I love football. For the past couple decades, that has meant college football, but it wasn’t always that way. Growing up working class in a small town, football means Friday nights and high schoolers running the Wing-T.
I haven’t been to a high school football game in over 15 years, but rewatching Friday Night Lights has my thoughts returning to all those cold fall nights under the lights. If I can’t watch high school football—going alone to watch a game with strangers at a high school that to me is just a place to vote ain’t gonna do it—at least I can write about it and revisit the Friday Night Lights franchise in a blog series.
I will be reopening the 1990 book that started it all. I read it for the first time about 15 years ago, and I haven’t reread it since the movie and show came out. I just bought the movie on blu-ray. I don’t think I’ve see it since it was in theaters. The book, in particular, is underappreciated, but it is the show I really love. I have it in my top three all-time television shows with The Wire and The Shield, and rewatching it over the past month did nothing to lower it in my estimation. The blog series will run weekly on Fridays and will probably stretch well into the fall—I’m going to cover the book, the movie, and all five seasons of the show, along with probably 2-4 essays/other posts.
I spent five years living in Houston and north Florida and I loved it, but it robbed me of the magic of fall when the weather turns crisp. I’ve sweated through my fair share of afternoon college football games in September, but, to me, football will always be a cold weather sport. I may have grown up in the South, but it was in the mountains, and those mountains get mighty cold after dark in late October. It was hot chocolate to warm fingers stiff with the cold as a kid and scoring my single, solitary touchdown in the freezing rain during my one glorious year playing high school football.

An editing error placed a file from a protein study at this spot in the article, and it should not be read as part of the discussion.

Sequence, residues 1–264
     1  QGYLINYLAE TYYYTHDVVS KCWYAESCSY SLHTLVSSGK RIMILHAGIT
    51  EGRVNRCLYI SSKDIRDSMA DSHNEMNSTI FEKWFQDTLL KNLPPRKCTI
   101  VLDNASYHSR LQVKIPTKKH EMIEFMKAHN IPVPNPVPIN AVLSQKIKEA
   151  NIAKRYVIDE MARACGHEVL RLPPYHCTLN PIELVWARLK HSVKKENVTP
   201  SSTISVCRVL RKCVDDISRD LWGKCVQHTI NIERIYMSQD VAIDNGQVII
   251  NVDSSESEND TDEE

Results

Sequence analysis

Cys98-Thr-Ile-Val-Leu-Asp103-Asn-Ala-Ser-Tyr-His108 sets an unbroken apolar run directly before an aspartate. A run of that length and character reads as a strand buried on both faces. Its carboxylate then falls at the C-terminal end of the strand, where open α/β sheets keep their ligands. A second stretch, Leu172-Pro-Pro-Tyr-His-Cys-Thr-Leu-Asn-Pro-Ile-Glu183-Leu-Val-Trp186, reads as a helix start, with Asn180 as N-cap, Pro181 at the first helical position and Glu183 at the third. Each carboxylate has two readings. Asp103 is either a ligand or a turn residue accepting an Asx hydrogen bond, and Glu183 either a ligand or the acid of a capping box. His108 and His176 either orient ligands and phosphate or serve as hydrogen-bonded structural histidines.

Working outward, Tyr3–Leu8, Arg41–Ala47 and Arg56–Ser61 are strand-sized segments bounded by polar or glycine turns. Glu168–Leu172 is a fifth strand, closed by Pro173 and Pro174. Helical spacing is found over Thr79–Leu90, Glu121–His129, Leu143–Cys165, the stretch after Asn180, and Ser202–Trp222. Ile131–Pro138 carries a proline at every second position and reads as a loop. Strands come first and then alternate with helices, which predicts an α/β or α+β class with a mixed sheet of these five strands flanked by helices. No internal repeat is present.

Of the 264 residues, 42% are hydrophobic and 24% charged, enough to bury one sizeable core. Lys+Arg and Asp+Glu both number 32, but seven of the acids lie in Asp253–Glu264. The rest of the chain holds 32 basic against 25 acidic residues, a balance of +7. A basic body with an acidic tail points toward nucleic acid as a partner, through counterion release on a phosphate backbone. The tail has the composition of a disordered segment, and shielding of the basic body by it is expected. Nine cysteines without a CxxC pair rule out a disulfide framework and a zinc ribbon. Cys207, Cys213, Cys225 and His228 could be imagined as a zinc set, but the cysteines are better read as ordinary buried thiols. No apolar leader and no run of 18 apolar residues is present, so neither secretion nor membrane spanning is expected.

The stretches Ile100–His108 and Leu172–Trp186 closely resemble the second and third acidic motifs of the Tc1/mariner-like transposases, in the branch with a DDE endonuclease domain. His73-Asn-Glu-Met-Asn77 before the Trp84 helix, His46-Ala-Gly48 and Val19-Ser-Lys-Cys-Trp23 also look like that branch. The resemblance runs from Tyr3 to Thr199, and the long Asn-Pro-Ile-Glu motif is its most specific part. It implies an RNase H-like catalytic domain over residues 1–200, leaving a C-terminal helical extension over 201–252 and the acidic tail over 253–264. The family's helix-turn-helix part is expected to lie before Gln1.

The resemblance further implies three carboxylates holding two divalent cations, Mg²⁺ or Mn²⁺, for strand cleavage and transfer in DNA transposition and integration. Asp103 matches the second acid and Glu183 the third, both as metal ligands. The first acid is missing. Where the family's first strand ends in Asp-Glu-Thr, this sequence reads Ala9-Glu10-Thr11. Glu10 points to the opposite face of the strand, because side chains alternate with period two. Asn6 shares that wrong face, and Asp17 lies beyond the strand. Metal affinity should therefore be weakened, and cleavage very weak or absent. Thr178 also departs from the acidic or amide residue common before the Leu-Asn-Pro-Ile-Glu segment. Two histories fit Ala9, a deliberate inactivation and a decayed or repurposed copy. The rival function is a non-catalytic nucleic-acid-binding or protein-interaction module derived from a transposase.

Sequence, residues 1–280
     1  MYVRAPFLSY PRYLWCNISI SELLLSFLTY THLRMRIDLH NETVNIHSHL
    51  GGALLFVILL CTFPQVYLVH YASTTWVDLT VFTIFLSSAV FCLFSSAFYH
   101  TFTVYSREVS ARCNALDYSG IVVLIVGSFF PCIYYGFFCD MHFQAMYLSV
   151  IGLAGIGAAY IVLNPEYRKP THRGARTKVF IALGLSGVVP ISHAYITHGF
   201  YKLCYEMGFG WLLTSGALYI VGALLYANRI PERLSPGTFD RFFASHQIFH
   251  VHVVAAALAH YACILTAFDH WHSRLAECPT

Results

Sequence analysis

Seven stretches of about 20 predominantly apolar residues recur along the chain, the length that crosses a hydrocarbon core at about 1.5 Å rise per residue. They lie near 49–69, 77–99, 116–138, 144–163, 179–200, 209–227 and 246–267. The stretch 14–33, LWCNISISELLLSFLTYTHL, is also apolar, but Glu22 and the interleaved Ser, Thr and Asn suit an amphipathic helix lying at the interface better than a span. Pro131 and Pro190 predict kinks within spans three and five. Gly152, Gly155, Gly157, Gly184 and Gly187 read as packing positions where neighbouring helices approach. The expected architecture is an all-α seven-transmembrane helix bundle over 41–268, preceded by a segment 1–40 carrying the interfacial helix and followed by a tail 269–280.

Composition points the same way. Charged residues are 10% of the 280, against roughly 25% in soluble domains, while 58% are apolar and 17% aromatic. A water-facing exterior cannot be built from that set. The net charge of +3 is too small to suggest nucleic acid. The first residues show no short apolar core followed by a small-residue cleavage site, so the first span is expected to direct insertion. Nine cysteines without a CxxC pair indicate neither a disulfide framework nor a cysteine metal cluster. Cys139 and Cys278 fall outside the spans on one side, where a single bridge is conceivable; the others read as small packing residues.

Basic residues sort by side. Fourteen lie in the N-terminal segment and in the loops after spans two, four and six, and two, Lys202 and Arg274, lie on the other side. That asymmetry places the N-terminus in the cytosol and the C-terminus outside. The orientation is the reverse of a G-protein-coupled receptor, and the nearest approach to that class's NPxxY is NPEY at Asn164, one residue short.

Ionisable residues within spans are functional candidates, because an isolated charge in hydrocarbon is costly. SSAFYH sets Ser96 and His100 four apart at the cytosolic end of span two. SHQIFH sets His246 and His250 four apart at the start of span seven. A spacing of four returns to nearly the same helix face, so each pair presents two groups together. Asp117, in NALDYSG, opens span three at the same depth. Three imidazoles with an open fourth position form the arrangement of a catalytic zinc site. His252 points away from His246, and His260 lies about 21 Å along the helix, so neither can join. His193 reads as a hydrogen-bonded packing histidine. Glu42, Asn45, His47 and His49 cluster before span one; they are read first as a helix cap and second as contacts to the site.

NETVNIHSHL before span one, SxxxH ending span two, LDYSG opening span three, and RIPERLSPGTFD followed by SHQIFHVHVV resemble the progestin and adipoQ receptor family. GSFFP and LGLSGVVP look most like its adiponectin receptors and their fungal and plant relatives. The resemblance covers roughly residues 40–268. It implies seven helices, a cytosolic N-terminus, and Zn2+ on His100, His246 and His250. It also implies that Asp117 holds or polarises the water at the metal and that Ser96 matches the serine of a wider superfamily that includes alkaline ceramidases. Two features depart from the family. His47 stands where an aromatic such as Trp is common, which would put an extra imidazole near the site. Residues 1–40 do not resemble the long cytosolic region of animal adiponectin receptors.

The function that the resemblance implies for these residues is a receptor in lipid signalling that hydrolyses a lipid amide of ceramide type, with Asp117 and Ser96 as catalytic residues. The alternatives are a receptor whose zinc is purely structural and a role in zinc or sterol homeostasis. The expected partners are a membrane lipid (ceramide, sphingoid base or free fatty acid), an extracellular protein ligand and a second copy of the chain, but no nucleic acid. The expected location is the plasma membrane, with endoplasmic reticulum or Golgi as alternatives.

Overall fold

In a small town, high school football was where it was at. Most people didn’t go to college, and my uncle and paw paw may have been State fans, but they’d rather trek 45 minutes for a high school away game than 4 hours for a college game. The most vicious rivalries were crosstown, not interstate (which led me to make a bad choice to fight redistricting). We may not have had the big stadium my wife’s school had in Texas, but at least we had our own stadium. Friday nights was pissing in trough urinals and playing pickup games behind the bleachers as a kid and flirting with girls and seeing everybody in middle school. Going to Applebee’s after the game (blatant product placement in the show, but that don’t mean it ain’t right) and then partying in an apple orchard in high school.
Posts kick off next week with a review of Season 1 of the show.